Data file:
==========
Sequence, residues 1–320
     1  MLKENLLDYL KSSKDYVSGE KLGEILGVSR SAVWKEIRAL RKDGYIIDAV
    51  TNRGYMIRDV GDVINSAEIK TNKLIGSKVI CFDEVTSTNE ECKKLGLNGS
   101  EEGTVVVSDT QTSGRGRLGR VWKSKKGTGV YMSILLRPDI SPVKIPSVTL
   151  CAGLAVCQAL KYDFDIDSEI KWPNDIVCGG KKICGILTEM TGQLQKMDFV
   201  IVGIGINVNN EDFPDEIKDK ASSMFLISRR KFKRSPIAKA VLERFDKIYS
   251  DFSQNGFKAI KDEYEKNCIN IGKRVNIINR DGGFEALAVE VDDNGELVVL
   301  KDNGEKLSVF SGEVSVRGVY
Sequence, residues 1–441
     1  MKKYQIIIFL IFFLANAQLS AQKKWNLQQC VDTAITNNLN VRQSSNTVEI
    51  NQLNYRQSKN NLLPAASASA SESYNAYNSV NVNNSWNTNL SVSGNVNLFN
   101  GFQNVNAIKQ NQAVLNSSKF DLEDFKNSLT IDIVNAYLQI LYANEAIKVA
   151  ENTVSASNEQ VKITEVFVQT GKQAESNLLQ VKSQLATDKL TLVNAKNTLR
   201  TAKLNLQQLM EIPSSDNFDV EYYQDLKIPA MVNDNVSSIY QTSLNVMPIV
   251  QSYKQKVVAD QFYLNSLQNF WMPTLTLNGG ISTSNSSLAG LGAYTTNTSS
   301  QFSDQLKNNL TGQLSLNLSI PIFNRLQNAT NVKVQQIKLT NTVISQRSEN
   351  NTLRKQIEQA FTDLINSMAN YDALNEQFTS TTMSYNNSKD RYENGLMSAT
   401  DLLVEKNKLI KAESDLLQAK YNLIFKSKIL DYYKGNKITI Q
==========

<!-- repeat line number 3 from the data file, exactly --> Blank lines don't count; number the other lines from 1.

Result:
    51  TNRGYMIRDV GDVINSAEIK TNKLIGSKVI CFDEVTSTNE ECKKLGLNGS